A controversial Schenectady County annual music festival has been called off this year. But some fans said they saw it coming.
For more than a decade, thousands of electronic music fans have flocked to Camp Bisco, held for the past seven years at the Indian Lookout Country Club in Mariaville, located in the Town of Duanesburg, New York — including Joe Marchitto of Burnt Hills, who first attended in 2011, and returned for two more festivals.
Marchitto said his favorite part of the festival is the extensive list of musicians who have played each year.
“Personally, I love that they have so many different types of bands there. I love going just to see brand new bands that I’ve never even heard of that always end up being spectacular,” said Marchitto.
But Marchitto said he was upset when he found out that Camp Bisco will not be returning in 2014. Marchitto said he first suspected something was up when there was no word on tickets going on sale.
Posted to Camp Bisco’s Facebook page Thursday afternoon was a statement that reads in part:
“After much deliberation and tireless efforts to make Camp happen this year, we had to make the tough decision to take a year off. We will be coming back in 2015 with an amazing event that will cater to the needs, wants and wishes of Camp Bisco's most faithful and valued attendees!”
An email sent to Camp Bisco’s organizers seeking comment was not returned Friday.
Duanesburg Town Supervisor Roger Tidball said the cancellation of this year’s festival is bittersweet.
“You hate to see the event go away because of the vendors that would profit, and the money that would come into the community. Through there’s a local store right there in Mariahville, he really does really well that weekend, it keeps him afloat for the rest of the year. The local gas stations, the local hotels, they all benefit from them,” said Tidball. ‘But then you have a lot of the negative press...”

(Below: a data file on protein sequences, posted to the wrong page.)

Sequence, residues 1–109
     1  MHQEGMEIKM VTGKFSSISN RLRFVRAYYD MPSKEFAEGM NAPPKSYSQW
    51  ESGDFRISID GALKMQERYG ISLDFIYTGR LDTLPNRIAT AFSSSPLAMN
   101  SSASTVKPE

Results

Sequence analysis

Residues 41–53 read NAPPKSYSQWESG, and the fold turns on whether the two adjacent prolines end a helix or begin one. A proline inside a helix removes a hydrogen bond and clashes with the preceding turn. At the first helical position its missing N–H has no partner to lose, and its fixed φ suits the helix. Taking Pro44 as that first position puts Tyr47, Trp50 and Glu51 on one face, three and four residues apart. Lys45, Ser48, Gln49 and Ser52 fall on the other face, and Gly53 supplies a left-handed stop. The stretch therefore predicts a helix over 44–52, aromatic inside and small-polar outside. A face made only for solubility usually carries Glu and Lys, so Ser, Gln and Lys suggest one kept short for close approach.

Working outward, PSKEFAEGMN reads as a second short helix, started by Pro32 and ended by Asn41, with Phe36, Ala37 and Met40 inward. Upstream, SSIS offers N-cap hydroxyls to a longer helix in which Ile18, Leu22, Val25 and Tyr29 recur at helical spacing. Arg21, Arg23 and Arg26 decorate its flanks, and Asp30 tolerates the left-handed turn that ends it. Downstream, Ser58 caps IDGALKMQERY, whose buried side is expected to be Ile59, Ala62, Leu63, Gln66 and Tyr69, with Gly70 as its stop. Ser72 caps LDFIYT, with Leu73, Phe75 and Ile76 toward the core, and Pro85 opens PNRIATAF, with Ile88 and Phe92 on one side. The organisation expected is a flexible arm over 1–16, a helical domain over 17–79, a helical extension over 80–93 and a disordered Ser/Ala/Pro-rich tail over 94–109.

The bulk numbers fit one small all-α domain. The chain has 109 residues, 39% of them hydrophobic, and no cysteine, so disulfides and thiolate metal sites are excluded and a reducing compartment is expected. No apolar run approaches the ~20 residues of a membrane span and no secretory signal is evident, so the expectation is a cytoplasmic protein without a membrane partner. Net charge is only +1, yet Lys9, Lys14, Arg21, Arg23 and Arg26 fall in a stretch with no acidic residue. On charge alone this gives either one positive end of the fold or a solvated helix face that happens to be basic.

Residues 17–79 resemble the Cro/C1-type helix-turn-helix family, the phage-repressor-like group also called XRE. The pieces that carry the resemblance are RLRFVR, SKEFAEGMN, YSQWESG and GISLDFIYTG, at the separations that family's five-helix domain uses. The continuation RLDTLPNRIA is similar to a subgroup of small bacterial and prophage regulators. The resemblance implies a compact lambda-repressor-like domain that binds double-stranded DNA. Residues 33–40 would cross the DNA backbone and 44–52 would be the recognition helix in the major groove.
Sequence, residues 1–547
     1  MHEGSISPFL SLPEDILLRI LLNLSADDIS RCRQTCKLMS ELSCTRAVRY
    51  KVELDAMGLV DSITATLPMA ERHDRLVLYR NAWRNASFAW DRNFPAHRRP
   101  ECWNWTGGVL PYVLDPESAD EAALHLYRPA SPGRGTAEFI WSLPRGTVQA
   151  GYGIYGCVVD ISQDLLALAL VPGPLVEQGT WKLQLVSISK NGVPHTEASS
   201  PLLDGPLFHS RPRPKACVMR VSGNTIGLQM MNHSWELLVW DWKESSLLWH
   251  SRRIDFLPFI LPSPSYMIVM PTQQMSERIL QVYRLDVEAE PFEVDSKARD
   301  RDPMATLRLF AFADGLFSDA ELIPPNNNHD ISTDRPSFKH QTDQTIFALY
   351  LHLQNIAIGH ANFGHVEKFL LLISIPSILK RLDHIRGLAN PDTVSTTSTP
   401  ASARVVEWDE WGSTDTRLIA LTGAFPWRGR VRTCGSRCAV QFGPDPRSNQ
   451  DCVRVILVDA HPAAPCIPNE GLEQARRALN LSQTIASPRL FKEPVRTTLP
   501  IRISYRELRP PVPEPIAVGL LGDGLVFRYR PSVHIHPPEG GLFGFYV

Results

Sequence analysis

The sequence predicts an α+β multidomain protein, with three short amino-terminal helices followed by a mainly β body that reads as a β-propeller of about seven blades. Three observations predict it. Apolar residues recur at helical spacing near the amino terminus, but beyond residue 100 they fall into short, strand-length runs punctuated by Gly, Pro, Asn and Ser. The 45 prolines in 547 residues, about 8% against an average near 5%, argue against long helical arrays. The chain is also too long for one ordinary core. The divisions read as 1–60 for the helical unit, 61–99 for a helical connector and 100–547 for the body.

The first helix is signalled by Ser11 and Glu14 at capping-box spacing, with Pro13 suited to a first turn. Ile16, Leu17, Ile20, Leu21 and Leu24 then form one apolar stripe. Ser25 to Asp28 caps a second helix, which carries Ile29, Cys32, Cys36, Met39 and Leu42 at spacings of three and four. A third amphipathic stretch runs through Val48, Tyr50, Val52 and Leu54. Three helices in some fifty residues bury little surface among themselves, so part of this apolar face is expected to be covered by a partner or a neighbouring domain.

Camp Bisco had garnered a complicated reputation over the past few years. In 2011, a man was found dead of a drug overdose during the festival. In 2012, a young woman fell into a coma after reaction to a drug. Her family filed a lawsuit against the organizers of the festival, claiming they had failed to provide an adequate and timely medical response.
Stories of drug arrests and hospital visits surrounding the event are well-known, but organizers have stressed that they have a zero-tolerance drug policy.
Patrick Doyle, who attended the concert in 2009, said he hasn’t returned to the event since. An avid concert-goer, Doyle said drug use can be expected at large gatherings, especially on a weekend that features many high-profile electronic and jam-rock bands. But he said Camp Bisco stood out in the way it handled the drug use among concert-goers.
“What kind of set Camp Bisco apart from some of the larger festivals, your Bonnaroos, is that there didn’t seem to be a medical staff at hand. I know they most likely had one in order to get the festival put in place, but I didn’t feel like there was one or a security team to kind of keep people in check,” said Doyle.
Also in recent years, long traffic jams and negative reaction from the surrounding community had intensified. Joe Marchitto said he had a feeling that the event was on its way out.
“Over the last couple of years there had been a couple bad stories and band things that had happened at some of the Biscos, but I absolutely think that the event was coming to an end,” said Marchitto.
In February, the Times Herald-Record reported more details of a concert festival being organized for this summer in Saugerties, by MCP Presents, the same promoter for Camp Bisco. With a long list of tentative bands, the Hudson Music and Arts Festival is planned to be located at Winston Farm, the same location as Woodstock ’94.
However, fans of the Disco Biscuits and the like might have to wait to find out where they’ll be camping next.